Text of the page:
In order for attack to be successful there needs to be some sort of weapons that will give the military an advantage over their enemy. Over the eras, the weapons used in battles have undergone many changes with inventions such as gunpowder which enabled use for many different weapons. The weapons have changed from the ancient and medieval times when spears, swords, shields, and bow & arrows were used. With the invention of gunpowder, the use of firearms became possible. Starting in the Revolutionary War with muskets and gradually undergoing changes to rifles to the weapons that are used by the military today. The weapons have become more efficient and accurate as time has passed and it has resulted in a higher death rate in wars. The big difference can be seen from the Civil War, as rifles were introduced instead of muskets, enabling soldiers to shoot from longer distances which resulted in more casualties. While the improvement of weapons leads them to become more efficient, it also leads to more casualties in the war which can be seen as an ethical issue. One can question the morality and ethical issues these newly casualties in war increase.

The introduction of armor-piercing rounds presents another ethical issue; as some of these rounds can penetrate vehicles, one can only imagine the devastation if they are shot at a person. However, others argue that the introduction of these rounds keeps the military safe from the enemy; we can disable certain enemy vehicles that would be used in a counter attack. The military currently uses the M16 assault rifle, but also issues the M4 carbine and the M249 light machine gun. They are also currently in search of a possible replacement for the M16.

Development of the Kinetic Energy RoundsEdit


Our current military uses weapons such as the M16 assault rifle, the M4 carbine, and the M249 light machine gun; all use magazine fed bullets. The M16 has been the military’s choice as the main rifle for almost 40 years and many feel that it is time for a replacement to be put in place of it. A few years ago, Heckler & Koch began to develop a rifle to replace the M16 known as the XM-8 and it is supposed to be superior to the M16 in many ways. Not only does the weapon fire at a faster rate and is lighter than the M16; but it is also based on the technology used for creating kinetic energy rounds which enable the bullets fired to be quicker and deadlier. It also has an attachment to add a grenade launcher and can fire shotgun shells.[5] However, the XM-8 never worked out like it was supposed to and it was eventually cancelled by the United States on October 31, 2005.[6]

Although the project did not work out, it brought light to the new kinetic energy rounds, which are in development for many new weapons. For now, most are being used in armor or tank piercing rounds. These rounds are known as kinetic energy penetrating rounds. They use a fin on the back of the round which opens upon impact and helps rip through the armor of a tank or other armored vehicles.[7] With the ability of the weapons to penetrate armor, the increased destruction that will be caused by these weapons is certain to increase and raise issues about if it is right to use such force. Additionally, this will lead to the increase in development of even more controversial weapons such as coil guns and rail guns.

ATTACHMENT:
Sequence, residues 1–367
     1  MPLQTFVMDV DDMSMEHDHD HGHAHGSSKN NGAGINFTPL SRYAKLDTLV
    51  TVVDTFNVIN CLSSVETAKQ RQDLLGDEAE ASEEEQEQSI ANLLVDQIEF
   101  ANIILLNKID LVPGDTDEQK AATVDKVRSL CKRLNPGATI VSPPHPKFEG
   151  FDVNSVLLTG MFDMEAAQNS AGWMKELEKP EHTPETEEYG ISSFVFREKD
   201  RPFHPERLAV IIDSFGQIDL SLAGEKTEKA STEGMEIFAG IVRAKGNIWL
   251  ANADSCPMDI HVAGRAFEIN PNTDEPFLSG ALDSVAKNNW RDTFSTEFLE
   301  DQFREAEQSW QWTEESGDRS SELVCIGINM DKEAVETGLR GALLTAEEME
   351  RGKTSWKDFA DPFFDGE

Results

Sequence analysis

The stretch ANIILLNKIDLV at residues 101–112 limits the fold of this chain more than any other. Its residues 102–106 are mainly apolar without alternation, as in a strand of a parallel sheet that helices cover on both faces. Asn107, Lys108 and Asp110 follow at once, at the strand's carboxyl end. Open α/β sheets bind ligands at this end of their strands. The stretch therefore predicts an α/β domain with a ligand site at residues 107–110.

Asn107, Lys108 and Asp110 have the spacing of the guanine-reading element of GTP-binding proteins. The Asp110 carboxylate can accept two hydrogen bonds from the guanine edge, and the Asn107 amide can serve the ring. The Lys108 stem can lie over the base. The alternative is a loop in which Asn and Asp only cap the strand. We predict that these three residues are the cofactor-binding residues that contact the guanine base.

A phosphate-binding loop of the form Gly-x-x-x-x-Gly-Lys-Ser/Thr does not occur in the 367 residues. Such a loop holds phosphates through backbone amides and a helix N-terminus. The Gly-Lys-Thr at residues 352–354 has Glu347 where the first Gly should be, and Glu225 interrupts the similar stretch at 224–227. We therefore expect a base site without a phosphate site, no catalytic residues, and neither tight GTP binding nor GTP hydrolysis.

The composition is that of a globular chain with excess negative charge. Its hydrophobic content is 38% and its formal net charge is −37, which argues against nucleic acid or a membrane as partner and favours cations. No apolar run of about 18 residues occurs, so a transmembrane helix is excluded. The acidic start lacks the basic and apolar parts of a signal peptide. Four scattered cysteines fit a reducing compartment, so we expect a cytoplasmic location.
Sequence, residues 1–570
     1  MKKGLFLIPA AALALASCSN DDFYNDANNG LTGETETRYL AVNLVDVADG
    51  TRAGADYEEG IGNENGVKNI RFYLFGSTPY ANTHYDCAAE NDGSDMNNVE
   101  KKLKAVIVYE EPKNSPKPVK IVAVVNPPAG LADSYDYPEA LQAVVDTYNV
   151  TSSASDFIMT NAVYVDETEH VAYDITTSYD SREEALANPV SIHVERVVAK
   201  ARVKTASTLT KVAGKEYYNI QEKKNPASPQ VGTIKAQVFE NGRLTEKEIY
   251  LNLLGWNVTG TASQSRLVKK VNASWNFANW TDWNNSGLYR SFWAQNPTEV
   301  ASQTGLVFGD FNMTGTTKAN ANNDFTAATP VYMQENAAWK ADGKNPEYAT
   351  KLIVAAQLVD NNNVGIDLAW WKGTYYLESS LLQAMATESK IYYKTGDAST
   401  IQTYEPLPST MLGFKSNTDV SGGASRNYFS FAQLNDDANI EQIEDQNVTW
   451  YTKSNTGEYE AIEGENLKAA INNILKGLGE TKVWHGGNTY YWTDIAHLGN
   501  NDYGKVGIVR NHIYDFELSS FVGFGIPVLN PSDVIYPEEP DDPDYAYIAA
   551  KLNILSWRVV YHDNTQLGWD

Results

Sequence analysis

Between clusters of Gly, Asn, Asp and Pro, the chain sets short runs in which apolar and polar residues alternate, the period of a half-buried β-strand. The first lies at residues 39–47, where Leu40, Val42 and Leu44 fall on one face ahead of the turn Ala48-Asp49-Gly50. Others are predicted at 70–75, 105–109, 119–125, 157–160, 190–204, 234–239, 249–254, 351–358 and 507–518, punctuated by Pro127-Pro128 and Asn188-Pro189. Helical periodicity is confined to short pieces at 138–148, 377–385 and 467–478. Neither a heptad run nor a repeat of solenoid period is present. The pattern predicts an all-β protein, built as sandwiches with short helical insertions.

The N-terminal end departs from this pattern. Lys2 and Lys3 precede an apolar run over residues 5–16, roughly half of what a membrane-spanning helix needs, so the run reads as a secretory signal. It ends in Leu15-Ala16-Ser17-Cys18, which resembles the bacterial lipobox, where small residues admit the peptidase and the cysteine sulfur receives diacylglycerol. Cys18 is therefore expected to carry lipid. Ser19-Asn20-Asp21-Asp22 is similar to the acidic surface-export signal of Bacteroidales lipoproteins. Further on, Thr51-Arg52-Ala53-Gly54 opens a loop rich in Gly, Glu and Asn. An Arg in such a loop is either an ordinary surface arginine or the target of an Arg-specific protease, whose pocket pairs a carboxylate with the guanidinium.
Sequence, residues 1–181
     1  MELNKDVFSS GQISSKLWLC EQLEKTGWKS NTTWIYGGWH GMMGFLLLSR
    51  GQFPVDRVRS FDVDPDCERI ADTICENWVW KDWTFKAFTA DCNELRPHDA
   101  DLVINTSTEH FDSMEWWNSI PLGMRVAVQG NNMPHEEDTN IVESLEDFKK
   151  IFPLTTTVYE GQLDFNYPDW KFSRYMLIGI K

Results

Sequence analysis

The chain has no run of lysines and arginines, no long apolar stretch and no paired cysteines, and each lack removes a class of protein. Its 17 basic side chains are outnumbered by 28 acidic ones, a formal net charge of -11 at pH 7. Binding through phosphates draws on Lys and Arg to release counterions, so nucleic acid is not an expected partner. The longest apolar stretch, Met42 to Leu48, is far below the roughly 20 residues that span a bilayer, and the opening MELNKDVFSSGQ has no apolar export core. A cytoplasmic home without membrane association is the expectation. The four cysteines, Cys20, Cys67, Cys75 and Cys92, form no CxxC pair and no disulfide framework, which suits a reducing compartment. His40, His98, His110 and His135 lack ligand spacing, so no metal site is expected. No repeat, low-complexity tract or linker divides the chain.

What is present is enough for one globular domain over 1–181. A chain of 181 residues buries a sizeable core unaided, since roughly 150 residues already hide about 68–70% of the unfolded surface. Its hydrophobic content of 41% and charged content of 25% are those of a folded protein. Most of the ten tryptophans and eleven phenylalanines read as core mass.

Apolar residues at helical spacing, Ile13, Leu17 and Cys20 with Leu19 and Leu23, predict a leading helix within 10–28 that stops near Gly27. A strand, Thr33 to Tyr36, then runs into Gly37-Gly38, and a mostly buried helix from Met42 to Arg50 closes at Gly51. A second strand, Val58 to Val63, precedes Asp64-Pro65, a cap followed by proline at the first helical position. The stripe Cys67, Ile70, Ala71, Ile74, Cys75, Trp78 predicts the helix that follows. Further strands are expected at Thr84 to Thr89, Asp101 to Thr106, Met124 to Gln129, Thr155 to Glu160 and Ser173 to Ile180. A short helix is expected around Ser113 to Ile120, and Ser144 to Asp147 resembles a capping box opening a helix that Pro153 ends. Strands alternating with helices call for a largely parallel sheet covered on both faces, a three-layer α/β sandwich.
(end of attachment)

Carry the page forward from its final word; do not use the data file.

Other ‘New’ Attack WeaponsEdit

Many new weapons are developed to meet the criteria of jus in bello (e.g. smart bombs) but many work in direct opposition (nuclear devices[8], biological[9] and chemical weapons[10], and electro magnetic pulses). , , These devices do not recognize the distinction between non-combatants and combatants as the damage is distributed equally. However, some say that these weapons could be applied on the battlefield (unlike the use of atomic bombs on the Japanese population) as they would only then be targeted towards combatants. Others argue that these devices cannot be contained and while they are directed towards combatants, they could spread to areas not intended and cause harm.

Discussion PointsEdit

  • Do the various weapons today satisfy jus in bello?
  • Do the future weapons and new ones being developed satisfy jus in bello?
  • Should all weapons not satisfying jus in bello be destroyed or removed from service?
  • Does the development of weapons not meeting jus in bello provide for jus ad bellum?
  • Is there a way to alter weapons so that they can satisfy jus in bello?
  • With ‘new’ weapons, can the proportionality allowed in jus in bello ever outweigh discrimination?


  1. Bellamy, Alex J. “Chapter X: The Ethics and Laws of War.” in Devetak, Burke, and George. International Relations. Cambridge University Press. forthcoming